LOL....be careful!!... most high end retirees consist of  husband and wife. And in the retirement years I can assure you that the wife is most likely to be a menopausal old bat.


Just a personal story that you might use next time you are dealing with a couple.   We went to buy a new car (for me) and even though we told the salesman that it was to be my car and that I would be making the decision and that I would be the person who would be writing the check, the guy kept cutting me out of the conversation and barely would look at me.  All my questions were directly addressed to my husband, which irritated both of us.  When I indicated that I wanted to sit in the car and take a test drive, he still tried to get my husband to sit and drive!!! Needless to say I didn't buy a car from that salesman.  The idiot just didn't pay attention and made assumptions about the sale that cost him a commission.  I went someplace else and bought the same car from a different person who paid attention.

Nov 7, 2005 2:49 pm

Sure, that is obvious.  That is poor salesmanship on the dealer's part.  That, again, is not my irritation.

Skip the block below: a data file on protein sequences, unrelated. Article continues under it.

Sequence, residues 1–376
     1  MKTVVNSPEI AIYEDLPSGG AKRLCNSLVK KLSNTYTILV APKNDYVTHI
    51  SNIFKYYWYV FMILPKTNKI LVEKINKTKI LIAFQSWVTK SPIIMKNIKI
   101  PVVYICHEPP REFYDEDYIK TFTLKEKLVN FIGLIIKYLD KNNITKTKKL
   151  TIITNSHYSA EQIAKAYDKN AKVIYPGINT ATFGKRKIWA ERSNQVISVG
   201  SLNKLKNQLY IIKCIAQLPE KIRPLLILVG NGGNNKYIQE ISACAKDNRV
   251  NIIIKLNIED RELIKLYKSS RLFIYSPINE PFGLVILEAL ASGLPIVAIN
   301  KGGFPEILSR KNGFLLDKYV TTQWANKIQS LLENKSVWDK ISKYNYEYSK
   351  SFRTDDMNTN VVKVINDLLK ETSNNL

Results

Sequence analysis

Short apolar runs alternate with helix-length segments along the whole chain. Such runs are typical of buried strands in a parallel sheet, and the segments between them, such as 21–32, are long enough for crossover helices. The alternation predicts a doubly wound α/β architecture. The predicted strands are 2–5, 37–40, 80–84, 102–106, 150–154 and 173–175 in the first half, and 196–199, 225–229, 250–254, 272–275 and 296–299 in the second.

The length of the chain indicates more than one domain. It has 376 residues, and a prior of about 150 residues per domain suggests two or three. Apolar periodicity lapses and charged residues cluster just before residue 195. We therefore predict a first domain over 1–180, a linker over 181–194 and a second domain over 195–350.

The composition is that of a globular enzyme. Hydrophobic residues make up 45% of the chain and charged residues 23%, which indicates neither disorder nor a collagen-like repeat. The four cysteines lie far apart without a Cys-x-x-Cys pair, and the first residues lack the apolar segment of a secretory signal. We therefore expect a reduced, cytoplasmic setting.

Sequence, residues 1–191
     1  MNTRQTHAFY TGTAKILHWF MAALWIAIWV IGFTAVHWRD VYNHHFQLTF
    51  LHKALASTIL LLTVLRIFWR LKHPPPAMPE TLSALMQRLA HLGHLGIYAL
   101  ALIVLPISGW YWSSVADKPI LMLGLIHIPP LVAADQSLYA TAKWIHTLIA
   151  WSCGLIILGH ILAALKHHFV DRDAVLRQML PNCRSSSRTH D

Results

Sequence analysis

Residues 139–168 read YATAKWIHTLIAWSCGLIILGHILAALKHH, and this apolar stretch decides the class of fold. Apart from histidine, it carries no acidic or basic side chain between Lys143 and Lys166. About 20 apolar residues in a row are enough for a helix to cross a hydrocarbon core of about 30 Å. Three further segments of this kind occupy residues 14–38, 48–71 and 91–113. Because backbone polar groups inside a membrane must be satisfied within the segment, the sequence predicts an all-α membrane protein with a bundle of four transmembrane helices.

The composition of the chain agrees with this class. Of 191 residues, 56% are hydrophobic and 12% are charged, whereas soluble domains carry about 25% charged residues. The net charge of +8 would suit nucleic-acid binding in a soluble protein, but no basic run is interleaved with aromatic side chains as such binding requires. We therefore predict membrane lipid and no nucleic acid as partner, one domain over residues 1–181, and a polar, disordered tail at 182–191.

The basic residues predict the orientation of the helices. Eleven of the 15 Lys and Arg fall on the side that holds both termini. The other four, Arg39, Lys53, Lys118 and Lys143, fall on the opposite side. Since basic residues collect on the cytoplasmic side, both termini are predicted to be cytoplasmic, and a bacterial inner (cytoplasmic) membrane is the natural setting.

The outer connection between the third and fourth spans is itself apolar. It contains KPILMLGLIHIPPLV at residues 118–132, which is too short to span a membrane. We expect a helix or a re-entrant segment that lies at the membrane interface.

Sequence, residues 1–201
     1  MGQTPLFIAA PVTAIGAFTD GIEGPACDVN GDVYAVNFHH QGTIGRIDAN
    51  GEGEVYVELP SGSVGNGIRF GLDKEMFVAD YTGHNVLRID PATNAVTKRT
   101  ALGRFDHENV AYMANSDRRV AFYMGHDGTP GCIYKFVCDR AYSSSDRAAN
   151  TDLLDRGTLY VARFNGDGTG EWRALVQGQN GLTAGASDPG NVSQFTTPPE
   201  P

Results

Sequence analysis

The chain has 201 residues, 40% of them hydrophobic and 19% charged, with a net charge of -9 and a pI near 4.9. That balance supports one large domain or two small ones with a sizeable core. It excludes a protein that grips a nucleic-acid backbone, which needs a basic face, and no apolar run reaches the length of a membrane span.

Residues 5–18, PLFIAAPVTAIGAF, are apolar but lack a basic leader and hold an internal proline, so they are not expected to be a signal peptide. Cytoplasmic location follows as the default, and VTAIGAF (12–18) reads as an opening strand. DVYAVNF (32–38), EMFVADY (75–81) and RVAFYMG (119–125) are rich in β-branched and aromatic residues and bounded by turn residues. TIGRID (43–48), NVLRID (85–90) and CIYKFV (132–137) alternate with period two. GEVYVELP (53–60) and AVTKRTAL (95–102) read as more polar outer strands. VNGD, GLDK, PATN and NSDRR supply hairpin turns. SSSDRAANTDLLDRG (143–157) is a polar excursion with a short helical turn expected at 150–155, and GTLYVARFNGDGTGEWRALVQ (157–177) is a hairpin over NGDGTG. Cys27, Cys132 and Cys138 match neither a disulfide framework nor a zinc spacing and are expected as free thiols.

To put your story in context...Imagine your husband went to the car dealer to buy a car FOR YOU by himself and told the salesman he was looking for a car.  He said he wants a red convertable with leather seats and a six disc CD changer.


The salesman goes and gets what he asks for.  The man drives it home, shows his wife, and she says she wants a MINIVAN with cloth seats and an extra large cupholder for her favorite 96 oz slurpie. 


He calls the salesman back, and says no thanks, this isn't what my wife wanted at all.



See the difference?  Now, how is that the salesman's fault?  I'll help you out...it's not.

Nov 7, 2005 3:44 pm

Apples and oranges. It is not the same thing at all. I was trying to give you a woman's view on being exluded from the decision making process.


First of all in the case of investable assets (unless it is an IRA where only one person is involved) we are talking about joint assets.  The other spouse (man or wife) would have to sign on the dotted line to make the investment.  Unless the husband was taking community property assets and hiding them from his spouse in which case I believe that the agent could be in a precarious position if he knew that was the intent. It seems only prudent to include her/him into the decision making process.  Two people have to agree to the decision.